Would the band OK GO (you know the guys from the treadmill video) exist if net neutrality didn't exist?
That's the question that was at the heart of a presentation given this afternoon at the "Music, Technology, and IP Policy Day" by Future of Music Executive Director Jenny Toomey. Toomey laid out how OK GO managed to go from relatively unknown indie band to Grammy Award winner, Jay Leno playing, mass market conquering super band.
OK GO started its climb to stardom by filming a $20 video of the band doing a fun, but slightly dorky, dance to one of its songs. The band posted the video on YouTube, and asked the general public to submit their own video versions of the dance. The video inspired a raft of video responses that featured everything from lego men to topless men performing the dance.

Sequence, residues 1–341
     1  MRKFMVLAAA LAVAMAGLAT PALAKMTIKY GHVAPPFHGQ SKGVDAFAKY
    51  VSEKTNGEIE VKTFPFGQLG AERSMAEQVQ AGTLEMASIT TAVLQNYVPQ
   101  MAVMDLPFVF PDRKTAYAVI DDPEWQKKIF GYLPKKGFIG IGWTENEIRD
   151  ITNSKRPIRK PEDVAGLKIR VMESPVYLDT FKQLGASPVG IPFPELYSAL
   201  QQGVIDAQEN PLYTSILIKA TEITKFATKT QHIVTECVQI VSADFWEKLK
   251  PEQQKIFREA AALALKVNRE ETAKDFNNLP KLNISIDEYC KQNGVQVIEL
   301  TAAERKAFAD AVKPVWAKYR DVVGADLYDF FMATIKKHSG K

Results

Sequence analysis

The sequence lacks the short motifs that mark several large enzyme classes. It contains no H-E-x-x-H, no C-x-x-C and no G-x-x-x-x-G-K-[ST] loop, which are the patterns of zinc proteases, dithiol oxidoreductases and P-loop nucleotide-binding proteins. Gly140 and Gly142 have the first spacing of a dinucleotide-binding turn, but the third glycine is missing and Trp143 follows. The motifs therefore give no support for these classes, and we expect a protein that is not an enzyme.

OK GO followed the original video with its now famous treadmill video that pushed the band to a new level of stardom. As Toomey pointed out, it's hard to imagine an OK GO existing on an Internet where big telecoms are setting up tollbooths to charge web content providers for faster service.
Toomey gave her definition of net neutrality: "It means that artists retain more control," Toomey said. "They don't have to maintain the relationships they had to before to reach their audience."